Megan McArdle's suggestion, on her Daily Beast blog, that "young people" should "gang rush mass shooters" ("even a guy with a very powerful weapon can be brought down by 8-12 unarmed bodies piling on him at once") amused and appalled a lot of people yesterday. It's a ridiculous suggestion, and many of her other pronouncements were equally ridiculous.
But I had trouble just getting past the opening paragraphs of McArdle's post:
There just aren't good words to talk about Newtown. It is a crime that literally defies imagination--hell, it flings imagination down and dances upon its head. No one reading this can imagine strolling into an elementary school and opening fire on a bunch of small children. You can't imagine even wanting to.Really, Megan? You're a writer, and you live in a large city, and yet you have so little interest in the complexities of human psychology that you literally can't conceive of a mind crazy and delusional enough to do this? You've never considered individual extremes of rage or irrationality or cruelty and measured them against your own moments of anger and lack of self-restraint, and wondered about the distance between what you're capable of and what leads to the worst acts imaginable?
Most crimes are motivated by unlovely impulses that are at least comprehensible: the desire for money, sex, respect, revenge. We don't do these things because we have been taught that "good people don't do that!"--and we want to think of ourselves as good people, or at least have the neighbors and our parents think of us as good people. Or perhaps we're merely afraid of getting caught and punished. But we can understand why people want to--we know what someone is after when they hold up a liquor store, or even kills their spouse for the insurance money. Understanding is not sanction: these crimes still have the power to anger and horrify. But they're comprehensible, and that comprehensibility is surprisingly comforting.
The alternative is Newtown. When one tries to picture the mind that plans it, one quickly comes to a dead end. Even if I had been raised with no moral laws at all, even if there were no cops and no prisons, I'm pretty sure that I still wouldn't want to spend a crisp Friday morning shooting cowering children. Trying to climb this mountain of wickedness is like trying to climb a glass wall with your bare hands. What happened there is pure evil, and evil, unlike common badness, gives an ordinary mind no foothold.
I know you couldn't do what Adam Lanza did. I couldn't, either. But I can imagine schizophrenia or psychopathy acting on a brain like my (relatively) sane one in such a way that horrifying acts seem thinkable, or even compellingly necessary. I can even imagine my "normal" brain being driven to less extreme but still appalling levels of brutality by Milgram-esque abuse of authority.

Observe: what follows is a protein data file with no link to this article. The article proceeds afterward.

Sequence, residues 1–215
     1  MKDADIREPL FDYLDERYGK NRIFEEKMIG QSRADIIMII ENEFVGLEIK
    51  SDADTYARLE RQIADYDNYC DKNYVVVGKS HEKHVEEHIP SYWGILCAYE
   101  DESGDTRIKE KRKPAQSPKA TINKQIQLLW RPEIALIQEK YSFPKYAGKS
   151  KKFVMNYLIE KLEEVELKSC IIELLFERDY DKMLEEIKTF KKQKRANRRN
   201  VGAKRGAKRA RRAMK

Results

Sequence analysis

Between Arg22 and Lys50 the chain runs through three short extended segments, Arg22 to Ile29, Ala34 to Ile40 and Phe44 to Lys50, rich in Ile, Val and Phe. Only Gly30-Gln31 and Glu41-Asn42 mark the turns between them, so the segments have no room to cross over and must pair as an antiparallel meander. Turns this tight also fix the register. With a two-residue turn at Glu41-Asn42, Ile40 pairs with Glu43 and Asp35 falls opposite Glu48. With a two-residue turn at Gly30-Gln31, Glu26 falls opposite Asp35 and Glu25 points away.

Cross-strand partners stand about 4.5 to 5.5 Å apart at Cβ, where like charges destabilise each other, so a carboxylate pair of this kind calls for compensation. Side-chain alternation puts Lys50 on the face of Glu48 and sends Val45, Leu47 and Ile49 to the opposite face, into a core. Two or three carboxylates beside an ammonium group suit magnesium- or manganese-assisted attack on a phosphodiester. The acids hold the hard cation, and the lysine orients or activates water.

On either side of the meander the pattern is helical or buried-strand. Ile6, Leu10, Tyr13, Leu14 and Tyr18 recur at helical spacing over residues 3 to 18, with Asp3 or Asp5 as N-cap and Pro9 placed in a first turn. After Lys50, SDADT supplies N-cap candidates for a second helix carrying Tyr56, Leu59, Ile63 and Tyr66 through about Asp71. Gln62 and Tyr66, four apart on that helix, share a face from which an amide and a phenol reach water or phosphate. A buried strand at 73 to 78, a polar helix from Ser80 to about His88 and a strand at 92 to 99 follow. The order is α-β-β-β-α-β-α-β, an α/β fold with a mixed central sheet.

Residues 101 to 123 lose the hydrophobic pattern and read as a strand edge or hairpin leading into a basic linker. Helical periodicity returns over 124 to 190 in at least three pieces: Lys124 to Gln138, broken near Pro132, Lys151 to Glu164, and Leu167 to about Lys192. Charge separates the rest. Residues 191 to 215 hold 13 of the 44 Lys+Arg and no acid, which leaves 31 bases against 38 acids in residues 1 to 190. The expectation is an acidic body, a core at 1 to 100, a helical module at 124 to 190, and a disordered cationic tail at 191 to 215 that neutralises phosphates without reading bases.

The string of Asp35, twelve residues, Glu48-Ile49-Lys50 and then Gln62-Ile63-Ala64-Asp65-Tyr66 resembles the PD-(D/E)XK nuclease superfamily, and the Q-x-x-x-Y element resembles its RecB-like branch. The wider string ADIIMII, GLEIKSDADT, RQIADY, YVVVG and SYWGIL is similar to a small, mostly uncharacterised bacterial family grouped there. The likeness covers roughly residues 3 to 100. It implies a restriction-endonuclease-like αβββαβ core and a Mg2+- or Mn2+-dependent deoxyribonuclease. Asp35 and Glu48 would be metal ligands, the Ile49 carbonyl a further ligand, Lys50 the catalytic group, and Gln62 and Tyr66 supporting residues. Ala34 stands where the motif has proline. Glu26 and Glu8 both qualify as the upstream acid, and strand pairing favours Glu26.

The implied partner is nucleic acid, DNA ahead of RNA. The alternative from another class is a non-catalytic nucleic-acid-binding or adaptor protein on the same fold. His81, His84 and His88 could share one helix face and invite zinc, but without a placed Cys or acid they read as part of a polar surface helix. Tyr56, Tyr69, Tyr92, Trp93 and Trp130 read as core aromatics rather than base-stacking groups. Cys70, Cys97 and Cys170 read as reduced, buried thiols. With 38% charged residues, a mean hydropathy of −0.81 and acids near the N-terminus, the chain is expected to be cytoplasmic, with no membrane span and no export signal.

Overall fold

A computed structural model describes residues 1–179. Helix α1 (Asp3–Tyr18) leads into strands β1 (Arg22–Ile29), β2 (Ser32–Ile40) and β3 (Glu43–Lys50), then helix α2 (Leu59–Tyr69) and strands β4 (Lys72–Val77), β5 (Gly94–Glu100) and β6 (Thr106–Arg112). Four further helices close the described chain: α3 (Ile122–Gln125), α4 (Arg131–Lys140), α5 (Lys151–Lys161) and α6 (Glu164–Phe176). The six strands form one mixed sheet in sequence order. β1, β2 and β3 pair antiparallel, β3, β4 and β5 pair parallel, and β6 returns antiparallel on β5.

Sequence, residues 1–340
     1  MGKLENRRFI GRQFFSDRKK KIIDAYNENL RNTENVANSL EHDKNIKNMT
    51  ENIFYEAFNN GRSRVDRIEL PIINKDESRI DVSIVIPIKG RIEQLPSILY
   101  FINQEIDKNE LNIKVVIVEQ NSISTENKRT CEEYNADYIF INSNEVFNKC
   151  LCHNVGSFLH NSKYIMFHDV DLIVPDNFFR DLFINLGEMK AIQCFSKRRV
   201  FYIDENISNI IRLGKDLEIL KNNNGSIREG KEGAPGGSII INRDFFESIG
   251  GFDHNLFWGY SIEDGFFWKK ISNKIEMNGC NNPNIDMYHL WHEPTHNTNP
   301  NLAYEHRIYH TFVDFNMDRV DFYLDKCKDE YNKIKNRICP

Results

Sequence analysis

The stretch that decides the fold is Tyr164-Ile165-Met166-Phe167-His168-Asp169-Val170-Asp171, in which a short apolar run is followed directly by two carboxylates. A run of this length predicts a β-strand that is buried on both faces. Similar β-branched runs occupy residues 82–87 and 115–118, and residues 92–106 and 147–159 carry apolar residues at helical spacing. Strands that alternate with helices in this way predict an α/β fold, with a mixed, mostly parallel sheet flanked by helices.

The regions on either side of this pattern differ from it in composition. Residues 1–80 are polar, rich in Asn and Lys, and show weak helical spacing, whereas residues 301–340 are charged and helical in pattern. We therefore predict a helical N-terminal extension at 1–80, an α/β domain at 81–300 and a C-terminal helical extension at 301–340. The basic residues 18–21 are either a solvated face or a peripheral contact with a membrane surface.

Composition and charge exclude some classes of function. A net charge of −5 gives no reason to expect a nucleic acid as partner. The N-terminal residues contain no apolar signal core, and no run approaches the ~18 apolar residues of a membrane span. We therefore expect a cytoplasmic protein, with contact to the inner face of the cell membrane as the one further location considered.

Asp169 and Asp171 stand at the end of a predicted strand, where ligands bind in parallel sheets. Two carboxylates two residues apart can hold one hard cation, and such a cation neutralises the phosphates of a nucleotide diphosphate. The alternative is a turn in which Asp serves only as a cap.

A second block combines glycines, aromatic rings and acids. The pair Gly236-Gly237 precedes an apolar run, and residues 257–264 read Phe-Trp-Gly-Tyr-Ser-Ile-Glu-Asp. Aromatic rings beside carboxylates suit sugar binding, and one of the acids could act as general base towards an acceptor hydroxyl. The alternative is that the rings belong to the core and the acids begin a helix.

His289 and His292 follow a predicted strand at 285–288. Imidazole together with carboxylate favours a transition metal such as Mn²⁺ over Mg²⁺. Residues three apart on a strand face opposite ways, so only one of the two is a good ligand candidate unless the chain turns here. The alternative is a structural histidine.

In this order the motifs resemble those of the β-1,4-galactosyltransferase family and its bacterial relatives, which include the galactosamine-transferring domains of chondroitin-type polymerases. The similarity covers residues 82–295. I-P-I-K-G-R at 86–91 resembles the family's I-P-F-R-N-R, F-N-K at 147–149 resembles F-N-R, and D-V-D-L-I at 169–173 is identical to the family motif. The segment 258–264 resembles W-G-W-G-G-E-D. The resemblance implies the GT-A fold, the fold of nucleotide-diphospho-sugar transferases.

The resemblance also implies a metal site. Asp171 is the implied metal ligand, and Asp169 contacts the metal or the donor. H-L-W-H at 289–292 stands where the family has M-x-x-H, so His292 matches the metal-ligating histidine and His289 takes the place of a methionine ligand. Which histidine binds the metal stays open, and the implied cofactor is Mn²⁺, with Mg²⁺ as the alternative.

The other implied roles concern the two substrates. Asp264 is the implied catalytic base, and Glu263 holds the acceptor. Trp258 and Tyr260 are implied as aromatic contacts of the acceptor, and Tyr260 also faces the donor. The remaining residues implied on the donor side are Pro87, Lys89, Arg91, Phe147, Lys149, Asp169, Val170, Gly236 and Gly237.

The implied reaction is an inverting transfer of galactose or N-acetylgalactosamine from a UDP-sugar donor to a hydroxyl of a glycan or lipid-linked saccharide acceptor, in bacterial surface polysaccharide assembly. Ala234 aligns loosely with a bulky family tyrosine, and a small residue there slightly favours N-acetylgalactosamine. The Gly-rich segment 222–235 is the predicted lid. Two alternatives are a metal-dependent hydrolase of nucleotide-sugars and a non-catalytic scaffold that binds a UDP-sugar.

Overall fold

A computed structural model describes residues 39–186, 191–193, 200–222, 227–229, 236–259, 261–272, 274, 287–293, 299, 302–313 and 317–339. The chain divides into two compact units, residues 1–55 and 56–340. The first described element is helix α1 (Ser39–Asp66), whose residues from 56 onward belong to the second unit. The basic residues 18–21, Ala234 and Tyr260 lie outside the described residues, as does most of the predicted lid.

You find all this literally incomprehensible?
I shouldn't be surprised. McArdle is a right-wing libertarian. Such people seem to regard human beings as algorithmic trading programs with alimentary canals attached. They think poor and non-white voters do a sophisticated calculation of benefits received and choose to maximize their receipt of unearned boodle by voting Democratic; the desire for self-respect, for jobs, for careers, never enters into Democratic voters' thinking, according to the right. The right believes delusional madmen choose targets based on the fact that they're gun-free zones -- ignoring the number of criminals (including many spree killers) who get into lethal confrontations with cops, and ignoring the fact that schools and malls and movie theaters are where you find crowds of innocent people with their guards down, which is what certain strains of murderous insanity crave, and where you find large numbers of people happily socializing, a fact that fills many killers with contempt and extreme envy.
I bring all this up because if you think people are nothing more than selfish supercomputers that unfailingly calculate ways of maximizing utility, no wonder you lose sight of the fact that people are human beings. No wonder you don't shed a tear when a factory in a one-industry town closes down a week before Christmas -- can't those people just pack up en masse in a matter of days and "vote with their feet" by going where the jobs are? What is this "sense of community" of which you speak?
Yes, what libertarians know about people is true, as far as it goes. Yes, rationality enters into our thinking about what we do. But that's not the whole story, and the libertarian right doesn't understand that.